Posted August 31, 2009
The Japanese yen rose against the US dollar and euro as investors adopted risk aversion strategies when Asian markets fell. The Australian dollar advanced against the US dollar. Canada’s loonie fell in response to falling oil prices.
The Japanese yen continued to climb against the US dollar as technical charts indicated the Asian stock market has rallied too high. Investors began to seek safe haven assets like the Japanese currency to protect portfolio values. Risk aversion strategies almost always include buying the yen and US dollar.
Though there are now clear signs of global economic recovery, there is also much concern the pace of recovery will not be steady and will certainly be slower than hoped. The yen advanced to 93.14 against the US dollar and to 133.51 yen per euro.
The Australian dollar has begun to climb against the US dollar also and is now at 84.39 US cents. Some of the Australian dollar and yen strength is coming from the news out of China that China’s manufacturing production has increased in August at the fastest rate the country has seen in 16 months. There had been concern that China’s expansion rate would slow but that does not appear to be happening.
The Reserve Bank of Australia meets today and economists are indicating the bank might begin a policy of monetary policy. If so this would signal a possible interest rate increase in the near future.
Canada’s loonie weakened to a two month low against the US dollar. This was due to the decline in equity markets and crude oil prices. The Canadian dollar fell to C$1.0933 against the US dollar or 91.46 US cents.
Canada’s economy contracted at a faster rate in the second quarter than was originally predicted. The GDP fell by 3.4 percent.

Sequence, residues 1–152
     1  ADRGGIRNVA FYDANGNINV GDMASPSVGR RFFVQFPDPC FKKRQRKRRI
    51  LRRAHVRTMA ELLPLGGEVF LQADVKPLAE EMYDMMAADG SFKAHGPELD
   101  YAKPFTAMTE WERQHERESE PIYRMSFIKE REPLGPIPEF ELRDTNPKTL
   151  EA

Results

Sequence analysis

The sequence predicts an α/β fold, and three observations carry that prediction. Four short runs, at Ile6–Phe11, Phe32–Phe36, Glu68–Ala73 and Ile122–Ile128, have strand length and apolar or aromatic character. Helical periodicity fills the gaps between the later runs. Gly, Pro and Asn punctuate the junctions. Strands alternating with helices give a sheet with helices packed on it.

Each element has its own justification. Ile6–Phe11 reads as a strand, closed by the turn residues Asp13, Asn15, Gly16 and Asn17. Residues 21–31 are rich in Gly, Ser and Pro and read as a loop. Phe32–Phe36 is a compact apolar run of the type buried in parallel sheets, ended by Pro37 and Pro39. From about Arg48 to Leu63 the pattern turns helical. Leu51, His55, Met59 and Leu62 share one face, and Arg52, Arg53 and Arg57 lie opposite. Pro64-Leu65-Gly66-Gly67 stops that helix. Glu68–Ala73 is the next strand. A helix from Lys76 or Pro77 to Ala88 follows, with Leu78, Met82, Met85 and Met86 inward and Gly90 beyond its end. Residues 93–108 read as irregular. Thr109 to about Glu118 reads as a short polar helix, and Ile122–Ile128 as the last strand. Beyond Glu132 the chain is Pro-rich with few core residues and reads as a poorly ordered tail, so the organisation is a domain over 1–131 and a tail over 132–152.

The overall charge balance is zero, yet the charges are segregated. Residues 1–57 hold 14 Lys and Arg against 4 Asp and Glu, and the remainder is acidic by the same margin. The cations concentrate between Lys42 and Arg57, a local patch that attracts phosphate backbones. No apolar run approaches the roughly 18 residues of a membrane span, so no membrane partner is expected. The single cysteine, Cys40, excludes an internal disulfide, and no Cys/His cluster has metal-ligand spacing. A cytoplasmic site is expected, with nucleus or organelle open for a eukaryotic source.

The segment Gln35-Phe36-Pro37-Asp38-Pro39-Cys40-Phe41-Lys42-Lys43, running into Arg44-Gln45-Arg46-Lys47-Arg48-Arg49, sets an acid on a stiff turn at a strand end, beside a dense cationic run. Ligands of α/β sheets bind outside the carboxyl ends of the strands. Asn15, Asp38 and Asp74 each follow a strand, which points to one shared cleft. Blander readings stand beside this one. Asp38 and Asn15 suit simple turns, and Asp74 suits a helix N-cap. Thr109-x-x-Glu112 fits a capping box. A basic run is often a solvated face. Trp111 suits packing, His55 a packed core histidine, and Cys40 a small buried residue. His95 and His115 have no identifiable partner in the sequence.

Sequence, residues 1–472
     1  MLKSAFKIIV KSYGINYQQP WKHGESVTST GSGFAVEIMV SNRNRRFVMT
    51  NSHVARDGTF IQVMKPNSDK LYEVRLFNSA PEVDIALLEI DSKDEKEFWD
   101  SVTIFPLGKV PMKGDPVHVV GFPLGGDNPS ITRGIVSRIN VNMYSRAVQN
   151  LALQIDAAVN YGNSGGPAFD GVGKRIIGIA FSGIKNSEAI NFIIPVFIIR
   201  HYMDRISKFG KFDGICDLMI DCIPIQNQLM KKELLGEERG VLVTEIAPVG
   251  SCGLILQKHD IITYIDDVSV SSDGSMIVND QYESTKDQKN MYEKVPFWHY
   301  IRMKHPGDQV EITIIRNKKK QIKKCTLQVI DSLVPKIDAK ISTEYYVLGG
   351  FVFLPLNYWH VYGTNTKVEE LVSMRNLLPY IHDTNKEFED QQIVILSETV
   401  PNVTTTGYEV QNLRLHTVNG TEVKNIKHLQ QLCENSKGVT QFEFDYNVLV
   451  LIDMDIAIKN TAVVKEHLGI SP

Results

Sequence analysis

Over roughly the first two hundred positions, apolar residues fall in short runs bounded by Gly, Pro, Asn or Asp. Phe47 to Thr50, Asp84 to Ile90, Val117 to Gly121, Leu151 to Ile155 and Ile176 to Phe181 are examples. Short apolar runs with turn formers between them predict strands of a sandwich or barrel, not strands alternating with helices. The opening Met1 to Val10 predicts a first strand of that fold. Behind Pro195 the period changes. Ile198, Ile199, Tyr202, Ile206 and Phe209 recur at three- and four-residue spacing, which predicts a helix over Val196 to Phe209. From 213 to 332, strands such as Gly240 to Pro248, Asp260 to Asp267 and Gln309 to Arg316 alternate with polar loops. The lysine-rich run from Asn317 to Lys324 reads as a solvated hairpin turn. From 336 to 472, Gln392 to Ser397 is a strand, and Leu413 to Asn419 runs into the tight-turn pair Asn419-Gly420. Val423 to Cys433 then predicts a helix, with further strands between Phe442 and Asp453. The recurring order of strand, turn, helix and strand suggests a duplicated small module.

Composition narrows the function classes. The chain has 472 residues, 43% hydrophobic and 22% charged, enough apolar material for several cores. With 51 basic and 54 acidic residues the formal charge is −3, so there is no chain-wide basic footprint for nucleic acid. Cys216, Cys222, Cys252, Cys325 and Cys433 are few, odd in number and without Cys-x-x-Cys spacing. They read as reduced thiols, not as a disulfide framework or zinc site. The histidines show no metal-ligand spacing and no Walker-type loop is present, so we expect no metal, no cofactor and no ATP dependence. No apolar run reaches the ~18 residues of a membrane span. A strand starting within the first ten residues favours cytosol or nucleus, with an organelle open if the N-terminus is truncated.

The Mexican peso fell to 13.3050 pesos per US dollar as oil and commodity prices fell. Economists are predicting a continued decline which will erase gains made over the last couple of months.
The South African rand weakened against the US dollar meaning it has now fallen for two straight months. The decline is primarily due to investors moving their money into lower yielding safer assets in response to falling stock markets. There is a growing belief the 6 month equity market rally is not sustainable.
The rand fell to 7.8277 rand per US dollar. The rand also fell against the euro to 11.1389 rand per euro.
The Hungarian forint fell against the euro to 272.12 forint per euro. Once again the currency weakening is attributed mostly to the fall in the stock markets. Emerging market currencies are not favoured during periods of risk aversion.
The Hungarian central bank reduced the benchmark interest rate to 8 percent in the belief an economic recovery is in the making.
Poland’s zloty also weakened to 4.0959 zloty per euro after claiming the best currency performance among emerging markets. The zloty has risen 1.2 percent in August against the euro.
The Columbian peso weakened to 2,055.7 pesos per US dollar as oil prices fell and Asian markets dropped. The Shanghai Composite Index fell 6.7 percent upon reports China has cut its bank lending. Chile’s peso also fell to 553.65 pesos per US dollar.
Also falling is the Argentina peso which weakened to 3.8544 pesos per US dollar and the Peruvian sol which fell to 2.953 sols per US dollar.